Cost Behavior – Meaning, Importance, Types and More

Cost Behaviour is the change in the behavior of a cost (or costs) due to a change in business activity. The study of this change is the cost behavior analysis. For example, the electricity cost will move up if a business extends the working hours.

However, not all costs change with business activity. And, some costs may remain stagnant despite a change in business activity. For instance, a company needs to pay insurance whether or not it is operating. Some costs do not change in proportion to the change in business operations. A company usually uses mathematical cost functions to study the behavior of costs.

Before analyzing the behavior of costs, a manager needs to understand the crucial business activities that may impact the costs. Usually, a manager can define activity levels in terms of dollars, units, miles were driven, and more. Moreover, the manager should try to determine the correlation between activity levels and costs.

Cost Behaviour – Importance

The following points highlight the importance of cost behavior:

  • A manager needs to understand the behavior of the costs when creating an annual budget. Knowing this allows the manager to determine beforehand if any cost will decline or rise with the change in the business activity. For example, if a company is operating at the full production capacity, then to fulfill more demand, the company will have to invest more in the production line.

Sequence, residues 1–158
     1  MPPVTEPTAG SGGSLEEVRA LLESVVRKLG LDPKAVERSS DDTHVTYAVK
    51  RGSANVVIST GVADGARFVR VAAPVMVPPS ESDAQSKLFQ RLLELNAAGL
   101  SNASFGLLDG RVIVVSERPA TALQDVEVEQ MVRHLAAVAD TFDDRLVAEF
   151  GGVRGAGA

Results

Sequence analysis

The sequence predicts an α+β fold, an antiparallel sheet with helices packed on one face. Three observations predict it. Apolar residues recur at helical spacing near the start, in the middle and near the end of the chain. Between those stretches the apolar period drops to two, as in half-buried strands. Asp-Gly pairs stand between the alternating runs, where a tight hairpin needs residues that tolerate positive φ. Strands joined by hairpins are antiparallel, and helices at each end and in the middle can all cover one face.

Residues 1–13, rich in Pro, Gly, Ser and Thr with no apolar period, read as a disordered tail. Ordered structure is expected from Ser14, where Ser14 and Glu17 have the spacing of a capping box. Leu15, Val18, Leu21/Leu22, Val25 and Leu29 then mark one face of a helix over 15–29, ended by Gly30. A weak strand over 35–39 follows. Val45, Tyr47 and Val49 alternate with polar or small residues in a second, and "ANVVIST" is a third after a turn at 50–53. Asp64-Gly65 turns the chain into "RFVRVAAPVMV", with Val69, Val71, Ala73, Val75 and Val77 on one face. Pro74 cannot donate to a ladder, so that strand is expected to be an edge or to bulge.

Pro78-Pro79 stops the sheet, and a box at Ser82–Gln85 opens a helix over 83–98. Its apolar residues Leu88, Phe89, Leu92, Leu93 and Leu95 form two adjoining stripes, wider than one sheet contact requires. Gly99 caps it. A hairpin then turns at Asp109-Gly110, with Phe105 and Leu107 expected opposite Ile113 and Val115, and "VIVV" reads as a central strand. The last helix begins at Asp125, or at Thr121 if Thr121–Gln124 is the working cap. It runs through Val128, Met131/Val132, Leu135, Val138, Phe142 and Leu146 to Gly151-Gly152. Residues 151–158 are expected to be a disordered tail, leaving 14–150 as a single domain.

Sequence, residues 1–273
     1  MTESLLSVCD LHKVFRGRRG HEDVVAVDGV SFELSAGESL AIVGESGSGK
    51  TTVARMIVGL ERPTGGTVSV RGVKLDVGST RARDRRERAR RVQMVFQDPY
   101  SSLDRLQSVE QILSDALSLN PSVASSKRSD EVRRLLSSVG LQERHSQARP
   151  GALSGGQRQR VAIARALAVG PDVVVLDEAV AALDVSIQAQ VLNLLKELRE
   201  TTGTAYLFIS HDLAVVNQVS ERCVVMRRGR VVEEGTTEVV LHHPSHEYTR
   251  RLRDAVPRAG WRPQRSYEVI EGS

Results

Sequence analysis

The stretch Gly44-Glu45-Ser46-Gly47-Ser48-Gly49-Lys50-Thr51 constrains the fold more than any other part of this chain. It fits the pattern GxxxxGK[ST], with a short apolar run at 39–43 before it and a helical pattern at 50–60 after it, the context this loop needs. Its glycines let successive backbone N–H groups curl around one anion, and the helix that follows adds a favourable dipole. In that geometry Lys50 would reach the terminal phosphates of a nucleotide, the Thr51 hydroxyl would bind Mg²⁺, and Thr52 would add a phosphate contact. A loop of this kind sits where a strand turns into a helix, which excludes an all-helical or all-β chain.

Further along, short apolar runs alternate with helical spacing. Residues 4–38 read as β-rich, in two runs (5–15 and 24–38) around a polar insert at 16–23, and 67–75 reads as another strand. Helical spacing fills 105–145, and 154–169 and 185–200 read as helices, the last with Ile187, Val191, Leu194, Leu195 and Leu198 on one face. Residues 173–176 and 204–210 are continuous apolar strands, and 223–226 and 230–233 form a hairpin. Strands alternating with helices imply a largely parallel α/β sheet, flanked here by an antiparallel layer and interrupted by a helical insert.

• Understanding cost behavior is essential for cost-volume-profit analysis as well. The cost-volume-profit (CVP) analysis studies the impact of change in costs and volume on the profit.
  • It helps the management in planning and controlling costs.
Cost Behavior

Types of Cost by Behavior

Primarily, there are three types of cost by behavior:

Variable Costs

Such costs vary directly (or in direct proportion) with the change in the business activity. In direct proportion means, if the activity level changes by 10%, then the variable cost must also change by 10%. It holds good for both an increase and a decrease in the variable cost. For example, displays are a variable cost for a mobile manufacturer. The more the number of mobiles a manufacturer produces, the more will be the cost spent on displays.